Speculating Sprains

Breaking down the latest Bills news and an overview of general sprains and their severity.

As the Bills come off their well deserved bye week, two new pieces of information have arisen since last post. The Bills have signed WR Deonte Thompson and released RB Joe Banyard. Thompson has been with most recently the Chicago Bears before being released last week and had previously spent time with Buffalo the past two off seasons. This will help add depth to the WR corps and give Tyrod Taylor a deep option as WR Kaelin Clay hasn’t made much noise since acquiring him earlier this season from the Panthers.

In other news, it has been reported that WR Jordan Matthews is ahead of schedule in regards to his thumb fracture. He has been seen in practice without padding and with just a bandage over the area, though not cleared to catch balls yet. While not fully recovered, this is a promising sign. I had initially thought that Matthews would not be ready to return until the Jets or Saints game, giving him 4-6 weeks to heal. While healing times do vary person to person, it is still early to state when he will play.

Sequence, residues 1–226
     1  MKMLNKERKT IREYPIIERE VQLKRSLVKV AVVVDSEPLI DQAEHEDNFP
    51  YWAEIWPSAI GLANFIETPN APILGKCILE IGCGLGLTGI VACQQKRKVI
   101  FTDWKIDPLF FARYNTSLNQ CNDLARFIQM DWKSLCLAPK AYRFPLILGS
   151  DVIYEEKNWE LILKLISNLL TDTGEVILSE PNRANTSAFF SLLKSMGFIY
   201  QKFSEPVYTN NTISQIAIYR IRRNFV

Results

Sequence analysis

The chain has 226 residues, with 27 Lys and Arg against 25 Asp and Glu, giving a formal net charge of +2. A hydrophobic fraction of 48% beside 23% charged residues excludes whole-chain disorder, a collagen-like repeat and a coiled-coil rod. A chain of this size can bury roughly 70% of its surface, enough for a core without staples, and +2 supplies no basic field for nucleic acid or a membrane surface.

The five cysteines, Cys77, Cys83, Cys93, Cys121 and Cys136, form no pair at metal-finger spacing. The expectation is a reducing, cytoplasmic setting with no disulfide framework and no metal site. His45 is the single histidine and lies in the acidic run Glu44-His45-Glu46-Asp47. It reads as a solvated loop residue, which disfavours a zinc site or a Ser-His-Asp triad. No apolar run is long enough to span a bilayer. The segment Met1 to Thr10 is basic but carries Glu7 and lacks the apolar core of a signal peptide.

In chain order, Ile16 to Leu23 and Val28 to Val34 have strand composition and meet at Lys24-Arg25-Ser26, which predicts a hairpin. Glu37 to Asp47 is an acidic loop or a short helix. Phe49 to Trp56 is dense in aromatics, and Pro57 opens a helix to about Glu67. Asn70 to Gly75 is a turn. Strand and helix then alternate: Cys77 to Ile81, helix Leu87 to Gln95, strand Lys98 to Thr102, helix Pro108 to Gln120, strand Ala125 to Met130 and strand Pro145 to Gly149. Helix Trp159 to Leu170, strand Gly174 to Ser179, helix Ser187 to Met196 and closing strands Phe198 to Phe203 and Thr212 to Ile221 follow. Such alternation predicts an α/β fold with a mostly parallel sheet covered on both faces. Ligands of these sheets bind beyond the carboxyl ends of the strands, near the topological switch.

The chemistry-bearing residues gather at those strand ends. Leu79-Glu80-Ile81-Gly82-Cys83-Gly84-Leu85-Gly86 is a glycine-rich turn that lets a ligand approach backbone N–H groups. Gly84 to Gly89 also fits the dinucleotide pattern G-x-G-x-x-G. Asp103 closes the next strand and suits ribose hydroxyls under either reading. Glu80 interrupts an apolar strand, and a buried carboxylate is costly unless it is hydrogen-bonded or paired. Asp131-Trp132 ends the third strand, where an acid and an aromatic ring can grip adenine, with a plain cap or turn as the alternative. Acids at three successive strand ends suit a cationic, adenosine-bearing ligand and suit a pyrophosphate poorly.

Regarding return to play, I could see Matthews sitting out the Buccaneers game, possibly returning against the Oakland Raiders, giving the passing game a much-needed boost after losing Charles Clay last game. The key thing with his recovery is how quickly the bone has healed, the strength/range of motion in the hand, and his ability to manage pain effectively. I continue to hope that these players exceed expectations with return to play and contribute towards making the team more dynamic.

Today’s post will consist of an overview of general sprains. Sprains are very similar to strains, but differ in function and location. Sprains are an injury to a ligament or multiple ligaments based on location. Ligaments are found all over the body and provide connections between bones to create a joint. When an injury occurs to the area, instability, pain, and swelling occurs based on severity.

Hamstring-Gr1-3.jpg
Credit: therapydiadenver.com

Grade 1 sprains are when the ligament is stretched minimally and minor swelling/pain occurs. This can cause some players to miss time based on location and position, but typically can be managed conservatively in order to return to prior level of function. These types of injuries are week-to-week and can be played through if absolutely required, though increased risk of injury occurs. X-rays may be performed to ensure no fractures have occurred but are usually diagnosed through physical examination.

Grade 2 sprains are when the ligament is partially torn and moderate swelling/pain occur. These types of sprains typically keep players out for some time and cause moderate loss of function. A conservative expectation for a Grade 2 sprain could be anywhere from 4-6 weeks, though could vary based on location. At this time, an X-ray is performed to rule out any fractures. An MRI is performed to support physical examination and determine extent of damage.